When it was announced that Austrian publisher Nordic Games acquired the MX vs. ATV series after THQ declared bankruptcy and that the original developer Rainbow Studios would be handling the revival, fans were eager to get back on the dirt track again. But while MX vs ATV: Supercross is mildly entertaining, it ultimately feels outdated.
Based on the Disney XD series of the same name, last year’s Pac-Man and the Ghostly Adventures was an unexpected decent licensed video game. It’s sequel doesn’t stray far from its predecessor’s simple take on the 3D platformer genre, but it offers enough new features to keep fans of the show and the genre engrossed until the end.
Though not without flaws, recent video games based on the Transformers universe have managed to win over even the most dedicated fans. In an effort to merge High Moon Studios’ successful Cybertron series with the movie tie-ins based on the Michael Bay films, Transformers: Rise of the Dark Spark is a muddled mess that drags the Cybertron series down in the process.
When Drinkbox Studios released Tales From Space: Mutant Blobs Attack for the Vita in 2012, it offered a charming yet challenging puzzle platformer that tastefully incorporated the system’s capabilities. Fast forward two years and aside from a few tweaks to accommodate for the lack of a touch-screen, the PS3 and 360 port is surprisingly just as fun.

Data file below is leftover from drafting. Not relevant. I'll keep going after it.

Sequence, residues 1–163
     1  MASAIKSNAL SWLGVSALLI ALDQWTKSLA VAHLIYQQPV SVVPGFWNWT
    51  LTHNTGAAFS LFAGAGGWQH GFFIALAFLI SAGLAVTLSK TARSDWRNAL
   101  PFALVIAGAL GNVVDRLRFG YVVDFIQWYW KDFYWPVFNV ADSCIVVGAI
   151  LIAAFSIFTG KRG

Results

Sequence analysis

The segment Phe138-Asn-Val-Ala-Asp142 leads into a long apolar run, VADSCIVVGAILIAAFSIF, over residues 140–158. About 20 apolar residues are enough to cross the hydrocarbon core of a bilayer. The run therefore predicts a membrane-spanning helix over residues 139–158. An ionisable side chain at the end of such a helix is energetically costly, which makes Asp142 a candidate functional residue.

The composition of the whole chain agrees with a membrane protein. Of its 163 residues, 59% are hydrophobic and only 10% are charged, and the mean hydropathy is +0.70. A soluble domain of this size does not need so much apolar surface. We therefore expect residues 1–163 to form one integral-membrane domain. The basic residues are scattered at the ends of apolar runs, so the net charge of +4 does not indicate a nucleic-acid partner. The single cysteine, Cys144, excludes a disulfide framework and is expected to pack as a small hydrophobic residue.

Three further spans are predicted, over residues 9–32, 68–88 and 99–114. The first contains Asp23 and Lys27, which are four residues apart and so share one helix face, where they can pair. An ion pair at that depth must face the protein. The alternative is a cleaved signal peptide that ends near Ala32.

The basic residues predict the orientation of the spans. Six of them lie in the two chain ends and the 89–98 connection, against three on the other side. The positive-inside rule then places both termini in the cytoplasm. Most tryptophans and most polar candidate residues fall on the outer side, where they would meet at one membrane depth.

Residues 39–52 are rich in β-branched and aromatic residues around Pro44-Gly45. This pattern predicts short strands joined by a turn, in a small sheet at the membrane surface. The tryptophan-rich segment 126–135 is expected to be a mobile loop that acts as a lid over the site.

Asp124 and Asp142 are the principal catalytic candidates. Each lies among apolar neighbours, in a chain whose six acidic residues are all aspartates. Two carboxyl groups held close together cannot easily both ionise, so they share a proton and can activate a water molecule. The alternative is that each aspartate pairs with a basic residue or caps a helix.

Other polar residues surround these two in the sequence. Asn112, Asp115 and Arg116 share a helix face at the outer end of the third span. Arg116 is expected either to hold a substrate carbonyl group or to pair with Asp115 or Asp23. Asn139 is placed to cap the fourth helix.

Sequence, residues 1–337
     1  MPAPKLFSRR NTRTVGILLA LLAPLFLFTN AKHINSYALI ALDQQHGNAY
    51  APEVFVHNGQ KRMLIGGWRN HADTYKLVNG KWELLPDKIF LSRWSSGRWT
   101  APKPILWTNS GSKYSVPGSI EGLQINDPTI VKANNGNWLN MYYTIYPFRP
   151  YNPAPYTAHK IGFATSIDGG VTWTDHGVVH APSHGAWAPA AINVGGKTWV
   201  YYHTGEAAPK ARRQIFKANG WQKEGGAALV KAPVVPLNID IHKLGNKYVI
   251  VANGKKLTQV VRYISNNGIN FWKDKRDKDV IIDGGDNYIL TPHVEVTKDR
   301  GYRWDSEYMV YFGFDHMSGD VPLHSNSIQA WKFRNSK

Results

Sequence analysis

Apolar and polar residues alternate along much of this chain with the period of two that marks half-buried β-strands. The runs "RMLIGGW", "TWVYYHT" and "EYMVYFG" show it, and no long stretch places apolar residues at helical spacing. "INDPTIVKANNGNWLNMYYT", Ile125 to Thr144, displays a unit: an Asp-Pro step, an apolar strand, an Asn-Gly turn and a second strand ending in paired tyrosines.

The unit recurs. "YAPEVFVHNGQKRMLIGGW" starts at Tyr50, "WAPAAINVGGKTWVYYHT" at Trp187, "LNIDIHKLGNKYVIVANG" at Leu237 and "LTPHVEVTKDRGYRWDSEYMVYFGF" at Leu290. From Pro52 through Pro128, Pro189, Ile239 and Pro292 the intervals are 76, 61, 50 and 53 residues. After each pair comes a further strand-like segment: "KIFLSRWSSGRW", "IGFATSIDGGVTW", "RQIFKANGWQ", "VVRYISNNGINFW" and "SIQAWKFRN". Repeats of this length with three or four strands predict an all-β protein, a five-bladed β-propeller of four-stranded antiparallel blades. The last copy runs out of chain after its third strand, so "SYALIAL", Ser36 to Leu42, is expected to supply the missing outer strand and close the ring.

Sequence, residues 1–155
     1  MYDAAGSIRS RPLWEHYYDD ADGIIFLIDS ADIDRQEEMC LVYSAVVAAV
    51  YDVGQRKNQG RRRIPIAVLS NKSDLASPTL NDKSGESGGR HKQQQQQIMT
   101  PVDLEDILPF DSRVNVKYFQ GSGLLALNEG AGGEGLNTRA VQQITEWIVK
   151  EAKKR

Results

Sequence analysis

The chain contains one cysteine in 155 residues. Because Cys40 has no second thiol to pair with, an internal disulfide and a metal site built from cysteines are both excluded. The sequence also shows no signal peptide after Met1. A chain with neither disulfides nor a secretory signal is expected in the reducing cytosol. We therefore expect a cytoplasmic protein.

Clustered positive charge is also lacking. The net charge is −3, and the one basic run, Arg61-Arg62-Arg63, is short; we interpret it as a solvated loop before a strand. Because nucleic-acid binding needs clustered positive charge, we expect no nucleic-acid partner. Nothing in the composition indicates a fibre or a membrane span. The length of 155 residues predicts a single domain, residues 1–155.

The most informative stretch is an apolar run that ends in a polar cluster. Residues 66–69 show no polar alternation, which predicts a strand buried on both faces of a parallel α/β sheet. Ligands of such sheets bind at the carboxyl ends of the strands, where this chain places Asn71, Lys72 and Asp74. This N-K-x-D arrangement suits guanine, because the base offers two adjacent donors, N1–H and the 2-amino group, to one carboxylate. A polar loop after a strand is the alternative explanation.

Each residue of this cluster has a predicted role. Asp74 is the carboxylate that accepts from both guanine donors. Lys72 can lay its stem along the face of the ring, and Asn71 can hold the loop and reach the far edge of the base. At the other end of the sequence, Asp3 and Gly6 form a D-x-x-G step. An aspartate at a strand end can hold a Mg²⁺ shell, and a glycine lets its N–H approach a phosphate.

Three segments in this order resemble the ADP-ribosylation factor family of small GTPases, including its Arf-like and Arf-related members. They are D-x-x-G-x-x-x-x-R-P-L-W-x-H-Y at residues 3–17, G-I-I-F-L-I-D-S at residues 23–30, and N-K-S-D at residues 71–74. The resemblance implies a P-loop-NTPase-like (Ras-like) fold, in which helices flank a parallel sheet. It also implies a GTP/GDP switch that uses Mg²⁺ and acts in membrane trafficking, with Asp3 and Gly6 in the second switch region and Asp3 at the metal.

Traveller’s Tales brings us back to the brick-ridden Middle-earth for another dose of hobbits and orcs in LEGO The Hobbit, but with minimal enhancements since the recently released LEGO: The Movie Game and LEGO: Marvel Super Heroes, I can’t help but begin to experience a little LEGO fatigue.
Since its debut, the Earth Defense Force series has always been a guilty pleasure of mine. Although largely criticized for its dated graphics and repetitive gameplay, the latest entry, Earth Defense Force 2025, will satisfy your hunger for mindless action and chaos.
Over the past nine years, we’ve grown to associate TT Game’s LEGO series as humorous takes on some of our favorite franchises. But instead of being a parody, The LEGO Movie Videogame takes the easy route and re-enacts its cinematic counterpart scene for scene.